James S. Robbins has a piece at National Review Online that totally demolishes a pair of the more pernicious myths being pushed by the anti-Bush crowd: The war has taken away too many troops to deal with the disaster and the federal government has taken too long to respond.
On the issue of manning, Robbins writes:
A look at the numbers should dispel that notion. Take the Army for example. There are 1,012,000 soldiers on active duty, in the Reserves, or in the National Guard. Of them, 261,000 are deployed overseas in 120 countries. Iraq accounts for 103,000 soldiers, or 10.2 percent of the Army.
Thatís all? Yes, 10.2 percent. That datum is significant in itself, a good one to keep handy the next time someone talks about how our forces are stretched too thin, our troops are at the breaking point, and so forth. If you add in Afghanistan (15,000) and the support troops in Kuwait (10,000) you still only have 12.6 percent.
He also notes that only one third of the Louisiana National Guard is deployed, and their rotation ends in about a week.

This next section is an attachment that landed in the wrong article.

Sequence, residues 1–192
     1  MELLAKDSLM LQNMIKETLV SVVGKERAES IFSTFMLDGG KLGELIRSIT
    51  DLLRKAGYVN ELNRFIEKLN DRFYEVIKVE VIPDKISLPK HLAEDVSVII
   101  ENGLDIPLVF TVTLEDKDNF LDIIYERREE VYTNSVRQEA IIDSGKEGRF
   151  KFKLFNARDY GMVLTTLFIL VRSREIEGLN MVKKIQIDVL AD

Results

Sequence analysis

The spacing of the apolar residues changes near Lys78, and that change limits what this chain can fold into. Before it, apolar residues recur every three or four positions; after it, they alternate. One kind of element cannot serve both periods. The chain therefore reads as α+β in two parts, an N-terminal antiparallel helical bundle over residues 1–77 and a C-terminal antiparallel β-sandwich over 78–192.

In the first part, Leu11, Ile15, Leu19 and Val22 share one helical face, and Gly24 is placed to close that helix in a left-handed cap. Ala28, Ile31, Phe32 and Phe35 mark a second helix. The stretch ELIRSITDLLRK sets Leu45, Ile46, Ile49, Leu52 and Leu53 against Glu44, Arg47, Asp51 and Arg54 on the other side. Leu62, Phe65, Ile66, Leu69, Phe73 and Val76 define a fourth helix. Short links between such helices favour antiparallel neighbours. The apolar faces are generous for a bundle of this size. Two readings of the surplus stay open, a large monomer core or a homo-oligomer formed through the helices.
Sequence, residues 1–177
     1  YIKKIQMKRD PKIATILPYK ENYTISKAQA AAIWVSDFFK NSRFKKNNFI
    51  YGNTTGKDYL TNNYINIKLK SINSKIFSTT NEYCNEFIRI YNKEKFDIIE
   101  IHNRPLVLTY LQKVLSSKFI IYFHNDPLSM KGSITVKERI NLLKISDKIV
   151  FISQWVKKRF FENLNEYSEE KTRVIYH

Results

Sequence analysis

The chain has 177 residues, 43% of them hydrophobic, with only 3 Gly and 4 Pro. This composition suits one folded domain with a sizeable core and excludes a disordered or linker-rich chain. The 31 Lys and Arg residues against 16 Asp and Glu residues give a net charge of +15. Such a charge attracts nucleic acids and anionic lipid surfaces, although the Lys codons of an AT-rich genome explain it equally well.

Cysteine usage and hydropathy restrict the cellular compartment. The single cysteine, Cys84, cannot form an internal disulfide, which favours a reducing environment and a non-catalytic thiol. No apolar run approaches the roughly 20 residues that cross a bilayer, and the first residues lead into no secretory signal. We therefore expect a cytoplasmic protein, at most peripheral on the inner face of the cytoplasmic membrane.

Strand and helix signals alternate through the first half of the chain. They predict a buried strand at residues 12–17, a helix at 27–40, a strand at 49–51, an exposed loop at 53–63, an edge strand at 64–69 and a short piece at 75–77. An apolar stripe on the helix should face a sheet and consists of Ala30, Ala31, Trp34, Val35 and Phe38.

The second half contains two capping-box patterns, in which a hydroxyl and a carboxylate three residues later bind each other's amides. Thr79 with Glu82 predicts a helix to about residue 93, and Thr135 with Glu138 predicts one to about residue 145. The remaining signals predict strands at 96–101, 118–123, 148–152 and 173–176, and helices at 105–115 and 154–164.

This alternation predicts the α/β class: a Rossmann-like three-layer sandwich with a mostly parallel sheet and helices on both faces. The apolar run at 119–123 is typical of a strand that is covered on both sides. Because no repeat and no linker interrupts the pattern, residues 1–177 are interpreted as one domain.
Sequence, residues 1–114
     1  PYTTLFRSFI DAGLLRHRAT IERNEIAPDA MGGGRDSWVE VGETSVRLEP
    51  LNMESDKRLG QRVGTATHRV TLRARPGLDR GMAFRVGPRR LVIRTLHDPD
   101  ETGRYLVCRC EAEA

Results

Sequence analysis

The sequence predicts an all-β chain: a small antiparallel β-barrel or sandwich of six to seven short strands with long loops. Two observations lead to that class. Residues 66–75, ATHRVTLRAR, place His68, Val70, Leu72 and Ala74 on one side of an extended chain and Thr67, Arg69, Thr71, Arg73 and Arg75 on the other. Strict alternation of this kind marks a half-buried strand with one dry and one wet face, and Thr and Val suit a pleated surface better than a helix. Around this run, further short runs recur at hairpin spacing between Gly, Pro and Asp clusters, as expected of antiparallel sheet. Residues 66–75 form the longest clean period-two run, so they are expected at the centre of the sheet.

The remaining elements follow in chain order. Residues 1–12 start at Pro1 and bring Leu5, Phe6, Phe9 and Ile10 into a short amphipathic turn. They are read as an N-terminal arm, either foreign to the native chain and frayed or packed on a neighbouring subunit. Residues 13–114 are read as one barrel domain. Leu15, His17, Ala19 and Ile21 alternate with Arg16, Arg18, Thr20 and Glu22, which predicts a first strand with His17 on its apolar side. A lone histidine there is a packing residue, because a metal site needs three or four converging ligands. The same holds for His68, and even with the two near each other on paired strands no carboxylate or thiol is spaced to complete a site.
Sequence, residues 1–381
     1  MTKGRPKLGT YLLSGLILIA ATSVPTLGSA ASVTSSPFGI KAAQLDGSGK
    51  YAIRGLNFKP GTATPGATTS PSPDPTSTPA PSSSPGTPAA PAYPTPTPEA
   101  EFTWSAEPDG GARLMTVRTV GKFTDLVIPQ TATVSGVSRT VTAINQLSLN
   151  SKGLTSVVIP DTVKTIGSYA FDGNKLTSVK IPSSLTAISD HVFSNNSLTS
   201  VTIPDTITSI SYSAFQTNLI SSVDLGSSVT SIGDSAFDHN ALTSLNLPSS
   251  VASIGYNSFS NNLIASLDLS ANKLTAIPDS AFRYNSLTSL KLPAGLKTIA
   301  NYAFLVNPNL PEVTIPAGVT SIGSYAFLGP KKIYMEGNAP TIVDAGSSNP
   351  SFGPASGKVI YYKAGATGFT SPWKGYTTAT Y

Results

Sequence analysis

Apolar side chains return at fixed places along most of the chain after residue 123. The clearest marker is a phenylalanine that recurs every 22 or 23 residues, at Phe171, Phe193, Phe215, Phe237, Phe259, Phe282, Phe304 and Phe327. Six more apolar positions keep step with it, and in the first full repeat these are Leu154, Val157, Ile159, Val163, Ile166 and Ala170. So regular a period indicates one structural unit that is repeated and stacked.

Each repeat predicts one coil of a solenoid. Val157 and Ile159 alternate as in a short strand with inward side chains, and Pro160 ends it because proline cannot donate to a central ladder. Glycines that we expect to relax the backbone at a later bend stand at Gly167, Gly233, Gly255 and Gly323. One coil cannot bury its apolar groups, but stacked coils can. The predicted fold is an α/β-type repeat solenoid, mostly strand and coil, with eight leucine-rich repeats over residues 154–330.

On the issue of response time:
The New York Times has called the military response ďa costly game of catch up.Ē Catching up compared to what, one wonders. National Guard units were mobilized immediately; 7,500 troops from four states were on the ground within 24 hours of Katrina ó a commendable response given the disruptions to the transportation infrastructure. The DOD response is well ahead of the 1992 Hurricane Andrew timetable. Back then, the support request took nine days to crawl through the bureaucracy. The reaction this time was less than three days officially, and DOD had been pre-staging assets in anticipation of the aid request from the moment Katrina hit. DOD cannot act independently of course; the Federal Emergency Management Agency (FEMA) is the lead agency. Requests for assistance have to be routed from local officials through FEMA to U.S. Northern Command and then to the necessary components. In practice, this means state officials have to assess damage and determine relief requirements; FEMA has to come up with a plan for integrating the military into the overall effort; DOD has to begin to pack and move the appropriate materiel, and deploy sufficient forces. This has all largely been or is being accomplished. Seven thousand mostly Navy and other specialized assets are currently in the area directly supporting hurricane relief, and a much larger number of other forces are en route. The process has been functioning remarkably smoothly under the circumstances.
He also points out that some of the more strident criticism is coming from the people who squaked last year about the response to Hurricane Charley, who accused him of trying to sway voters in Florida. Reality is something with which many of these people have only a fleeting acquaintance (despite their claim to the "reality-based community"), and consistency is an impediment to all Bush-bashing, all the time.